9. Keep a dedicated diary from day one. You may not realise how much you’ll rely on it at the start, but it will be extremely useful when you come to appeal any denial of NHS funding.
10. Record of all dates and times of appointments, meetings, phone calls, copies of letters and reports, conversations with staff from different organisations – and what was discussed – plus views from any therapists – everything. It will be invaluable.
11. Keep notes about your relative’s state of health: how they are and how their health is changing; things your relative says and does and any changes in character, behaviour or mood; any specific needs; things you notice about their overall health and disabilities; information on their skin, pressure sores, weight, mental clarity, speech and communication skills, hearing, sight, sleep, personal hygiene, oral hygiene, mobility and hoisting needs, ease of eating and drinking, nutritional and water intake, swallowing problems, appetite, risk of infections, continence, flexibility of joints breathing, hallucinations, medication (and its unwanted effects and impact on other things); anything unpredictable or complex, plus any general and specific risks – everything. Also, note how well they understand things and can make decisions. This might sounds daunting – but just approach it bit by bit, for example each time you visit them just jot down some notes, including about conversations with care staff that you might have had.
12. Ask questions – as many as you need to ask. If you don’t get a reply, ask why not. Don’t agree to anything if you haven’t had answers to your questions. If someone is reluctant to give you an answer it could be because the information you’re asking for will help you in a way the NHS or local authority doesn’t particularly relish.
13. If you ask for any information and you’re told it’s ‘not available’, make a note of that – what you were asking for, who you spoke to, when you spoke to them and what their reason was for it being ‘unavailable’.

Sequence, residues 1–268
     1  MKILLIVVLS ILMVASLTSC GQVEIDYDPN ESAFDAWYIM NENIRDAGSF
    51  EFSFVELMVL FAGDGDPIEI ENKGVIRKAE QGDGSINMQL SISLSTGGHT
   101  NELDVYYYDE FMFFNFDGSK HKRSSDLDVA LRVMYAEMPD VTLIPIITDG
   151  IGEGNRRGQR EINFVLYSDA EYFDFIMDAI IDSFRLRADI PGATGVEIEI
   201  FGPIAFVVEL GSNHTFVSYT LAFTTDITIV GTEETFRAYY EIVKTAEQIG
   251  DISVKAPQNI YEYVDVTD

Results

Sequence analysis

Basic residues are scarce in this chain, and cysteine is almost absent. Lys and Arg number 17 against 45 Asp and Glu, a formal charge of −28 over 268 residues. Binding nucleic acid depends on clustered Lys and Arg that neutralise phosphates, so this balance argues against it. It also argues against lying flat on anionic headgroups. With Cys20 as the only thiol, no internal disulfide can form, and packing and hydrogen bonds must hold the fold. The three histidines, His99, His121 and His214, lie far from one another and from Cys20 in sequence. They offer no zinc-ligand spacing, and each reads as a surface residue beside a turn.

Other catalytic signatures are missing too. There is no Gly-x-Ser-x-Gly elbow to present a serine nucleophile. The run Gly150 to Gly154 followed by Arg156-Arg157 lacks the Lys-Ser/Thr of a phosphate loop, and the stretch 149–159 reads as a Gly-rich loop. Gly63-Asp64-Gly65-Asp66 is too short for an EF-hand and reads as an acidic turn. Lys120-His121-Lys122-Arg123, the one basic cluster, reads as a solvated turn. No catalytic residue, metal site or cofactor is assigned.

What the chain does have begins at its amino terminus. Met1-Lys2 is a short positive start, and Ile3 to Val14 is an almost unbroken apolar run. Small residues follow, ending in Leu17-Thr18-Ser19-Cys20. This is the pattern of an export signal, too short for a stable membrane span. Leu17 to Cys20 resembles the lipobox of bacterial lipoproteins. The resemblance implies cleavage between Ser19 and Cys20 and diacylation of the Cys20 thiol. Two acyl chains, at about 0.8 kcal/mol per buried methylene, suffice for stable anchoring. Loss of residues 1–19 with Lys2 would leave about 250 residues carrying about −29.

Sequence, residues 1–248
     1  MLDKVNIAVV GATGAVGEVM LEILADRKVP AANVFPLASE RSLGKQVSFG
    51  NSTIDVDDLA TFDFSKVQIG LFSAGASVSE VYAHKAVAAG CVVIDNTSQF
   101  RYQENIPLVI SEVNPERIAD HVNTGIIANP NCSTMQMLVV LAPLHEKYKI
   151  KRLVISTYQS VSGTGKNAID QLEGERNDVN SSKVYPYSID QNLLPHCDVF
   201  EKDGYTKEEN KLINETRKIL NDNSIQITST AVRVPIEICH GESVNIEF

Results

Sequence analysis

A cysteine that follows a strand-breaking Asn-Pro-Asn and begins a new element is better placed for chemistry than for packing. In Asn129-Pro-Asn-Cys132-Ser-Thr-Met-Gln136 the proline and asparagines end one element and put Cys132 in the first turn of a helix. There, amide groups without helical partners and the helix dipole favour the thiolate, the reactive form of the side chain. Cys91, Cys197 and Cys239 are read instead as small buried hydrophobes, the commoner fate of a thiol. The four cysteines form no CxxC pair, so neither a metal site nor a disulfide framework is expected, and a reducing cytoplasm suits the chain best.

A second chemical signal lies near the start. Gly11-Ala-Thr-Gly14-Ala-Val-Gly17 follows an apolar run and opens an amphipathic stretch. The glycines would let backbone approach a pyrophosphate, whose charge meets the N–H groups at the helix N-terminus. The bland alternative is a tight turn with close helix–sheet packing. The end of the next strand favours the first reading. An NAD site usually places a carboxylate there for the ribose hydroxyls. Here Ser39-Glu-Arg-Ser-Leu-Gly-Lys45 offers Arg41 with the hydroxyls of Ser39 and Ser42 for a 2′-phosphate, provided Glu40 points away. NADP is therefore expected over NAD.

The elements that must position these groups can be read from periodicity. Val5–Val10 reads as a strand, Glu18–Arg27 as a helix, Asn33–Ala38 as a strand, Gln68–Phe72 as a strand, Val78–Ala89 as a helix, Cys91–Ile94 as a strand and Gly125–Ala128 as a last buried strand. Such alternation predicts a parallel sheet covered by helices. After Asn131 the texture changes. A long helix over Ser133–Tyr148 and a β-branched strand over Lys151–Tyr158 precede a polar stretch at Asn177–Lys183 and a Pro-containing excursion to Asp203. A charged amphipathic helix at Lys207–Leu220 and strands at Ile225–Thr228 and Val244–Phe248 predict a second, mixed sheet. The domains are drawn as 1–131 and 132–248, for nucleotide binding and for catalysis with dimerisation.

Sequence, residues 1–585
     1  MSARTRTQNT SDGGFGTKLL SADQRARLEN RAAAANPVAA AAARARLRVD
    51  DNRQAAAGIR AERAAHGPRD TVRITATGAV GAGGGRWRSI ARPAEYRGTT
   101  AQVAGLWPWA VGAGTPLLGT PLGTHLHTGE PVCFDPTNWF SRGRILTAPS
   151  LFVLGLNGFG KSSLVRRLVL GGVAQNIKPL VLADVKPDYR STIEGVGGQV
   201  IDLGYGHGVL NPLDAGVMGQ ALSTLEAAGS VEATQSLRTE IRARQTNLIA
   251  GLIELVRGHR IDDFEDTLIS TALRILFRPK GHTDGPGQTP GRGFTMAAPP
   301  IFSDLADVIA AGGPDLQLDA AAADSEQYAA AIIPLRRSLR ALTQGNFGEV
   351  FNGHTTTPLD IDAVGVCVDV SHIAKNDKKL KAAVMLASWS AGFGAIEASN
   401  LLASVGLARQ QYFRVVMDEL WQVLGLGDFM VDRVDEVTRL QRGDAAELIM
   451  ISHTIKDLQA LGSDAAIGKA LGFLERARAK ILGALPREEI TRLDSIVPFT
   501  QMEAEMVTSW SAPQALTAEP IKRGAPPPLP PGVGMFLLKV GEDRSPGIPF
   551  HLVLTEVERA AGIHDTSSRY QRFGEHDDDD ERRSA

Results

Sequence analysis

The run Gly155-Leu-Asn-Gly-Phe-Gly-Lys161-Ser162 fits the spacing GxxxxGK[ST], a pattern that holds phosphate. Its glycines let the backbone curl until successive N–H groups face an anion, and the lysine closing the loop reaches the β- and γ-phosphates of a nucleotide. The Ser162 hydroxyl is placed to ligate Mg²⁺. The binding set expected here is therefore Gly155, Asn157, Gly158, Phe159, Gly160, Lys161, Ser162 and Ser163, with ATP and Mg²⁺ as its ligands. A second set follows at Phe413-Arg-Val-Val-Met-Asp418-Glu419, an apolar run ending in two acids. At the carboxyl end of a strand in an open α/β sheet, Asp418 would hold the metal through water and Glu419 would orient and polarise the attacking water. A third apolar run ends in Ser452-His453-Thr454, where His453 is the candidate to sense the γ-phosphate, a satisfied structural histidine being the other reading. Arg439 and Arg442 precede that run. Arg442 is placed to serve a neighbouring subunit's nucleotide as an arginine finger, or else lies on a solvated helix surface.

14. Where possible, go along to your relative’s general medical appointments and take notes. Without attending these it’s more difficult to gather the evidence you need to fight your corner. Ask the physician or whoever you’re seeing to summarise his/her view/findings in a letter and send a copy to you. Be careful with this though – it’s vital that the physician understands why you’re asking and that the words they write support your relative in terms of the eligibility criteria for Continuing Care. A GP, for example, might write a summary, and yet what they’ve written doesn’t highlight the kinds of things the Continuing Healthcare assessors will actually be looking for. In such a case the summary could do more harm than good. Once you’ve read more about the Continuing Healthcare eligibility criteria, you could offer to draft something for your GP to simply sign, assuming they’re happy to.
15. Get hold of your relative’s care home care plan and the daily care notes. This also applies to care from a home care provider. Check the care plan and care notes regularly for accuracy and scope. Many people find the notes don’t give an accurate picture of health needs, and you may need to take this up with the care provider. Bear in mind that the NHS will use these notes as part of their funding decision making process.
You’ll find lots more helpful tips on preparing for an assessment – what to do and say, what not to do or say and how to avoid the pitfalls – in our ebook, How To Get The NHS To Pay For Care.